This is why I suggest doing some work early to tie the stories better together and inserting more foreshadowing of events to come in Chapters 1 and 2. Here’s some quick ways you can do this:
- Use rumors and NPC conversation to steer the characters toward towns and locations that have creatures/NPCs that are tied to the story, such as Bremen (frost druids), Lonelywood (frost druids), Caer-Konig (duergar), Caer-Dineval (Arcane Brotherhood/duergar), and Easthaven (Arcane Brotherhood/duergar).
- Have certain events happen to the characters regardless of which towns they visit, such as running into a ritual sacrifice to Auril (which the townsfolk were manipulated to perform by a frost druid!), running into thieving duergar looking for chardalyn, or having an early run-in with the Arcane Brotherhood wizards Vellynne or Dzaan.
- Have the frost druids be working directly to hinder the Arcane Brotherhood’s search for Ythryn, which Auril wants to keep securely hidden away.
- Have Auril’s frost druids and the duergar be in a loose alliance, both working to undermine and destroy Ten-Towns. The frost druids provide the duergar with chardalyn, while the duergar help the frost druids track down and eliminate the Arcane Brotherhood.
- Have the characters find proof of these ties, such as from the druids’ awakened animals in Lonelywood, from the duergars’ letters in Caer-Konig and Easthaven, or from agents of the Arcane Brotherhood.
These are very loose ideas, of course, and should be fitted to your purposes. Again, you can see Part 3: Starting Strong, Part 4: Northern Ten-Towns, and Part 5: Duergar Conspiracy for more advice on how to do this. You can also check out this video on story and foreshadowing in Chapter 1: Ten-Towns:
5. Open up the Later Chapters
While Rime of the Frostmaiden starts out as a sandbox, the latter half of the adventure is much more of a railroad, with the characters jumping straight from one quest/location to the next, with little room or reason for detours. This is a shame, because it means that there’s a lot of cool content in Chapter 2 we’re likely to skip – and because most players prefer to have at least the illusion of choice, even if they end up in the same destination regardless.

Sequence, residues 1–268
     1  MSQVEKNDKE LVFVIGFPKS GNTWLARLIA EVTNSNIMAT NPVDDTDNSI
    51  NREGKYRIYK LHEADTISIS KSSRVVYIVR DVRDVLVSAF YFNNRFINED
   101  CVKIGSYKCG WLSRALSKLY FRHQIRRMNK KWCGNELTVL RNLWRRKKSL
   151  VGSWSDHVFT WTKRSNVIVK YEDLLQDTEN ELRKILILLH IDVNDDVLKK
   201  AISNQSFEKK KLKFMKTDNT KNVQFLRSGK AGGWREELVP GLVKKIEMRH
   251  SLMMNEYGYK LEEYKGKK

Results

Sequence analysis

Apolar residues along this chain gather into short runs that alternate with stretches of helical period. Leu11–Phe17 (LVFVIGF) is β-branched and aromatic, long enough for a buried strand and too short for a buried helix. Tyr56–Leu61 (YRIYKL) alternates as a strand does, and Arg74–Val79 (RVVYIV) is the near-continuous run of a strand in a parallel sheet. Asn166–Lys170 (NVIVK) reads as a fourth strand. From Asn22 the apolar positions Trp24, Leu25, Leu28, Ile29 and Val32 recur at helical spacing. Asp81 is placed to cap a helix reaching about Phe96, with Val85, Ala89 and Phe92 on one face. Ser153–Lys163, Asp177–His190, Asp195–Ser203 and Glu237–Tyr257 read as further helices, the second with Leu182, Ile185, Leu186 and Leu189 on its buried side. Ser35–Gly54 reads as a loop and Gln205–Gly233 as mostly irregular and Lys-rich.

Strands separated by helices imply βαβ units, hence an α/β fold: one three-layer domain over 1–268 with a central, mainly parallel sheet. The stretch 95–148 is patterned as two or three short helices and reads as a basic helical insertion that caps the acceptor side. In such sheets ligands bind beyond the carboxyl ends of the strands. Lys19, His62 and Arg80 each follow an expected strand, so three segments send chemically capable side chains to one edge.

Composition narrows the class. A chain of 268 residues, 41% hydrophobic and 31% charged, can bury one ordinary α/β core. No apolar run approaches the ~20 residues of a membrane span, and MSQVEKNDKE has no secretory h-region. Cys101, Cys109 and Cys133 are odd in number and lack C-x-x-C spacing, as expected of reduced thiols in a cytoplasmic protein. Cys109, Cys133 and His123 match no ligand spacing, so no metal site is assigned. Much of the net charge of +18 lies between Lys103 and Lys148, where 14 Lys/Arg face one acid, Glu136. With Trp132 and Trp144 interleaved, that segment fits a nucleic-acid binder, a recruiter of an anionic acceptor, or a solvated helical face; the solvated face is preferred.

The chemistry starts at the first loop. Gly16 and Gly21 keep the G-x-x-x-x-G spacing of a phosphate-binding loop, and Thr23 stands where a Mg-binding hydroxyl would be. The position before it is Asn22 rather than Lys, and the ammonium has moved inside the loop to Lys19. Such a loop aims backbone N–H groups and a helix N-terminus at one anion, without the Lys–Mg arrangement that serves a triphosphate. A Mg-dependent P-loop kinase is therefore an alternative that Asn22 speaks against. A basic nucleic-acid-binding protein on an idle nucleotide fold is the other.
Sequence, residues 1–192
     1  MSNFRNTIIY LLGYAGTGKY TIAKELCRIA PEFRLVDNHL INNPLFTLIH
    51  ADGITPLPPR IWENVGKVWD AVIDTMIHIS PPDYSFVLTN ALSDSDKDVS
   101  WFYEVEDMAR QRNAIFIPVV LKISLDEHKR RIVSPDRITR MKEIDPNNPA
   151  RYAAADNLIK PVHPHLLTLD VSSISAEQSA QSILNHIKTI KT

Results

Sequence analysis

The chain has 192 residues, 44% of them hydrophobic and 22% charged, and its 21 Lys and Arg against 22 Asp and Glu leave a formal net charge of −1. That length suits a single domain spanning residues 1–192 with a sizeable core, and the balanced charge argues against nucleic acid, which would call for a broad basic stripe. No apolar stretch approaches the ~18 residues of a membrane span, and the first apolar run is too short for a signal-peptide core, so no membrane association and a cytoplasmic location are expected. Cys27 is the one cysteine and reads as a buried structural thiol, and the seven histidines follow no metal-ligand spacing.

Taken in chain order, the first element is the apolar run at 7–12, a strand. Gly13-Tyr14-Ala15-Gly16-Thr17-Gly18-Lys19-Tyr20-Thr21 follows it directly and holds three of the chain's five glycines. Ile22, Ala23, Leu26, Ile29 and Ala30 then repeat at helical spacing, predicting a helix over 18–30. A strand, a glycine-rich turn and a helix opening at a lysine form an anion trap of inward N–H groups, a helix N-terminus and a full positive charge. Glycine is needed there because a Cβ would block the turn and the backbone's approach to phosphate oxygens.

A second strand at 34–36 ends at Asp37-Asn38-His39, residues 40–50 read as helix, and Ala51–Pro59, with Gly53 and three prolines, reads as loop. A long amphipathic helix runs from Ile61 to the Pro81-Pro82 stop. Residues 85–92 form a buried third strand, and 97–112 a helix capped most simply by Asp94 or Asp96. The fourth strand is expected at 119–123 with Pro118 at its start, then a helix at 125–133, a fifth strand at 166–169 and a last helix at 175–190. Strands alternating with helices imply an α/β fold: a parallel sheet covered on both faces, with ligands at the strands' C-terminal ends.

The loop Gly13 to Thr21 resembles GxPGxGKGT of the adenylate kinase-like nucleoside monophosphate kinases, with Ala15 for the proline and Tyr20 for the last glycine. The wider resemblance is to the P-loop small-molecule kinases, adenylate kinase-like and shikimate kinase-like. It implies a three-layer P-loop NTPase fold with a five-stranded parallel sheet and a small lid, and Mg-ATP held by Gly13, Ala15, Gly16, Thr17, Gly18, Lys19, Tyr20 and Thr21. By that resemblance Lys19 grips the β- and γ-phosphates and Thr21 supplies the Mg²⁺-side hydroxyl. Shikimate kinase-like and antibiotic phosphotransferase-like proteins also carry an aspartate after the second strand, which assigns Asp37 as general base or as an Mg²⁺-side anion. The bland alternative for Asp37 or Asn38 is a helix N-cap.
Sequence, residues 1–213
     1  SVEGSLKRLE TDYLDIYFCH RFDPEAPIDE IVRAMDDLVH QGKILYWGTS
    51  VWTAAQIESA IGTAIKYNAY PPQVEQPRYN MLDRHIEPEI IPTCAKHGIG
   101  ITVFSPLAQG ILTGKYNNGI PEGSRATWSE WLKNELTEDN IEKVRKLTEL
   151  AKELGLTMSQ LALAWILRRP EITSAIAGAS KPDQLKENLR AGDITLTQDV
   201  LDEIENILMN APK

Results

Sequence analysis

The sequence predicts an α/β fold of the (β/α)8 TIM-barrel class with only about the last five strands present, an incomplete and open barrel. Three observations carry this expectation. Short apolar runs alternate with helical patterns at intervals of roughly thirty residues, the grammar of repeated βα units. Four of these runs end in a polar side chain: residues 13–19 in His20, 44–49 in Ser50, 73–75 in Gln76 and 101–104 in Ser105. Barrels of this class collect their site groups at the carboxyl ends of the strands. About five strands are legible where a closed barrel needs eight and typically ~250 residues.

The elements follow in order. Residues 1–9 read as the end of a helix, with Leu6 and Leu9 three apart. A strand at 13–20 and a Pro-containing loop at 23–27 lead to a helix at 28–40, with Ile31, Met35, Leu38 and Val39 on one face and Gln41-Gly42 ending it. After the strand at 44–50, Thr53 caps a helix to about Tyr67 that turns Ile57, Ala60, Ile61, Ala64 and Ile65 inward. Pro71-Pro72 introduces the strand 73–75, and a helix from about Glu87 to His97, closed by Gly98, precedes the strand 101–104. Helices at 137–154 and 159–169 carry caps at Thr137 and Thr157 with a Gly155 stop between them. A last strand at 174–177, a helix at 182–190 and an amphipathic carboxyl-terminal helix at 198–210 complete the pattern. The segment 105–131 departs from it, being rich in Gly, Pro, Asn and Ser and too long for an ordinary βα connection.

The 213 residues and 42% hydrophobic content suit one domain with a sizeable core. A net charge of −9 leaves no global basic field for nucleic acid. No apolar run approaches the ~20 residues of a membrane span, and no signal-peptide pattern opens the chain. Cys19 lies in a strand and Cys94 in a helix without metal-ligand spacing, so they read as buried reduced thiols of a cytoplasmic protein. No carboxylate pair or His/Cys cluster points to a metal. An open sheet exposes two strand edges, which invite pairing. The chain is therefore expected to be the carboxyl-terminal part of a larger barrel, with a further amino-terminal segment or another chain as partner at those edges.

That’s why I propose that you open the later chapters of Rime of the Frostmaiden. The easiest way to do this is to alter Vellynne’s Quest (described at the end of Chapter 4) so that the wizard doesn’t immediately tell the party exactly where to go. Instead, she informs them about Ythryn and the Codicile of White needed to enter it, but leaves it up to the characters to figure out where to find both.
You can then have the characters know or learn about locations where they could learn more – perhaps the frost giant spirits at Jarlmoot know where to find the Codicil of White and the goliaths of Icewind Dale can point to the entrance to Ythryn in the Reghed Glacier. And, if you want the party to actually make some decisions on their own, you can have the characters learn about multiple of these locations at the same time, so they have to decide which ones they want to visit.
You can check out Part 6: The Open Railroad for more advice on how to alter Vellyne’s Quest and open up the adventure more. And, if you decide to go this route, check out our very own adventure A Heart of Cold, which works perfectly as a tie-in adventure where you can provide the party with the information they need!
Alright, so that’s my top 5 tips for DM’s looking to run Icewind Dale: Rime of the Frostmaiden. Of course, there’s a ton of other things you may want to consider before running this adventure, but these are the 5 things that I think are most important for the DM to consider when running Rime of the Frostmaiden.
Is there something you’d place above these tips? A point you’d like explained further? Let me know in the comments below!
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J. A. Valeur